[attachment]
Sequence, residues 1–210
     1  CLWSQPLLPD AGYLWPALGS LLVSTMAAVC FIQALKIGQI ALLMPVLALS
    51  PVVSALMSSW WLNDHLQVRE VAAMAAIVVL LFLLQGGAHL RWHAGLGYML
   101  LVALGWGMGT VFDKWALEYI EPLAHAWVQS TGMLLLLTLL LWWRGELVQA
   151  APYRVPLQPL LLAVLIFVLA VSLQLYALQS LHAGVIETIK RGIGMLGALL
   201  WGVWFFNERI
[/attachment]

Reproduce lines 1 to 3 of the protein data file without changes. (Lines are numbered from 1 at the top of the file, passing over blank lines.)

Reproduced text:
Sequence, residues 1–210
     1  CLWSQPLLPD AGYLWPALGS LLVSTMAAVC FIQALKIGQI ALLMPVLALS
    51  PVVSALMSSW WLNDHLQVRE VAAMAAIVVL LFLLQGGAHL RWHAGLGYML